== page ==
Re: dehumidifier ice's up, next to one that does not?
Depending on the location of the icing up unit, it may be in an area of your basement that's a bit too cool. These units are notorious for icing up under such conditions.
First, "defrost" the iced up unit completely using a hair dryer. Then swap its location with the other unit which is functioning normally. If that resolves the problem, then it was caused by the above "too cool" scenario.
If not, then it's likely that the thermal control which periodically heats up the coils in order to melt off the accumulated frost/ice and drain it has failed. Repair could be costly, and you're probably better off replacing the unit with a new one - - which you can find for less than $200.
a 6ya Repairman can help you resolve that issue over the phone in a minute or two.
Best thing about this new service is that you are never placed on hold and get to talk to real repair professionals here in the US. click here to Talk to a Repairman (only for users in the US for now) and get all the help you need. Goodluck!
- If you need clarification, ask it in the comment box above.
- Better answers use proper spelling and grammar.
- Provide details, support with references or personal experience.
Tell us some more! Your answer needs to include more details to help people.You can't post answers that contain an email address.Please enter a valid email address.The email address entered is already associated to an account.Login to postPlease use English characters only.
Tip: The max point reward for answering a question is 15.
If the room temperature is close to 60, the coils may be frozen (completely encased in ice). If this is the case, move it where the water can drain off - about 1 gallon which may NOT run into the drain bucket. I out mine over the floor drain. Turn off and it will defrost over night. Only specially made dehumidifiers work below a room temp of 60 degrees (the temp of a basement in winter). Does it need to be running? A digital humidity sensor from Radio Shack is cheap and may tell you the humidity is OK - only 50% or less.
In areas with poor circulation and humidity over 80%. If the room temperature is close to 60, the coils may be frozen (completely encased in ice). If this is the case, move it where the water can drain off - about 1 gallon which may NOT run into the drain bucket. I out mine over the floor drain. Turn off and it will defrost over night. Only specially made dehumidifiers work below a room temp of 60 degrees (the temp of a basement in winter). Does it need to be running? A digital humidity sensor from Radio Shack is cheap and may tell you the humidity is OK - only 50% or less.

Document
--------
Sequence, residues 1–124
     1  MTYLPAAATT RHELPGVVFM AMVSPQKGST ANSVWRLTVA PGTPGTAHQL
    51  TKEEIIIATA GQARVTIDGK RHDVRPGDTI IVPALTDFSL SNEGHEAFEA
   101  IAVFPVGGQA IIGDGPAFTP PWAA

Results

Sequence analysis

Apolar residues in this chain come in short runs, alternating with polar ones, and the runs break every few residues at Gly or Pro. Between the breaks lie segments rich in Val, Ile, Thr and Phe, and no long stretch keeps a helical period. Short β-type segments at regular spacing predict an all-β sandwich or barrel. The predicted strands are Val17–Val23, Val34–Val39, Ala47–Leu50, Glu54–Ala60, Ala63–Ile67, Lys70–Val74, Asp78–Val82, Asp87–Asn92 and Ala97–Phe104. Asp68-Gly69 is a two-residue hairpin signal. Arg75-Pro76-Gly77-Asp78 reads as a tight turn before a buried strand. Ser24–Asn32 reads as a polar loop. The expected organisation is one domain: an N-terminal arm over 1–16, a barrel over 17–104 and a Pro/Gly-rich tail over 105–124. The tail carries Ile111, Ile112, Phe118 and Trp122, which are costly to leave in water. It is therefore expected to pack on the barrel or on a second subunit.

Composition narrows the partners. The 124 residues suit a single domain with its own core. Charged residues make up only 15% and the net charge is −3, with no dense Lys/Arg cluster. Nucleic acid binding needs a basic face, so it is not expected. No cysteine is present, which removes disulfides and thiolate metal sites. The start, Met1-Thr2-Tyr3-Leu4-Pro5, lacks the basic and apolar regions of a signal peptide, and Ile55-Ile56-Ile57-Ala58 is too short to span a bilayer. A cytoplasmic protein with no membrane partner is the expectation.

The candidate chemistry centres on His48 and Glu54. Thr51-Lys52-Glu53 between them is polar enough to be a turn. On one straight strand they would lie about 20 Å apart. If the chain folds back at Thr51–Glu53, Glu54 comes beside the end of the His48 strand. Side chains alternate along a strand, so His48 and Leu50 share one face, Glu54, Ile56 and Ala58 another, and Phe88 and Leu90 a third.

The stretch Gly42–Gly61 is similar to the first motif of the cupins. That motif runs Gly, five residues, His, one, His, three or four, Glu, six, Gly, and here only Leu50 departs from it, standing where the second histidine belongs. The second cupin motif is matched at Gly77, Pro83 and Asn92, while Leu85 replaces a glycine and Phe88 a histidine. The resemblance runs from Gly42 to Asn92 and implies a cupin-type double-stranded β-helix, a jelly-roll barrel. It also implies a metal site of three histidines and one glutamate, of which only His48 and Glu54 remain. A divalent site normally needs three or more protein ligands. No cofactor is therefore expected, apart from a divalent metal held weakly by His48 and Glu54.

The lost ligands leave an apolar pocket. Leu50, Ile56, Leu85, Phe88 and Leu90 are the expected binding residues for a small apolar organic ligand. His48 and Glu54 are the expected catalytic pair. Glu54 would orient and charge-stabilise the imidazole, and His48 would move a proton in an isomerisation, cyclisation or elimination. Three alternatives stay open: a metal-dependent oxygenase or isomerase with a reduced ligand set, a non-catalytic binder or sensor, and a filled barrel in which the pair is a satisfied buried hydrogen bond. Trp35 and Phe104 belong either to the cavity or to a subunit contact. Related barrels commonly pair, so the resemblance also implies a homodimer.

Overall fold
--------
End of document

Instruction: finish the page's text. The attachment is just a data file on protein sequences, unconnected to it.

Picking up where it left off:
I thnk you are expecting too much from your machine. DO NOT RUN IT WHEN IT IS FROZEN!
This is what I would do. Slow down the process. You shuld be agle to select the % humidity you seek. Set it high, say 90. Get another fan in your basement working to sirculate the air. When your machine has achieved this goal without excessive running and freezing, go to 85% or 80%. It may help if you direct a small fan at the coil that freezes.
Are you certain your machine drains properly? Hose to a sump pump? Is the sump pumping properly?
And lastly, you may want to add a second machine. I operate two in my basement and they keep it 50% in the summer. My basement is about 4000 cubic feet.
Most dehumidifiers need warmer air to work properly. The temperature in a basement is usually 60 - 65F; too cool for standard models. You could buy a "basement" dehumidifier. They're designed to work at lower temperatures; some as low as 40 F. Costs are about the same as a standard dehumidifier; you just have to find it.
For a cheap fix, try this; it seems to be working for me.
Since the condensate coil (the one icing up) is cold, the air entering it is too cool and the condensate frosts up the coil. Additional condensate freezes to the frost and before you know it, you've got a block of ice. Since the air coming out of the front is very warm take a large piece of cardboard around 6' x 3') and form a V. Placed it in front of the dehumidifier so it channels some of the warm air back to the rear where it warms the moist air up before it hits the cooling fins. It's helped keep the ice down.
If you want something attractive, any screen that redirects some of the air back to the rear will work. Just leave the top open so it doesn't get too hot and the some of the drier air gets out into the room.
expected? of course!
this is not ur solution
try draining all the water to the sewerage
if u cant try to pump it out with a vacuum cleaner (that can pump water) or a pump
then turn on the Dehumidifier
every time it frosts turn it off untill it defrosts
or u can heat up the basement with a bellower and the Dehumidifier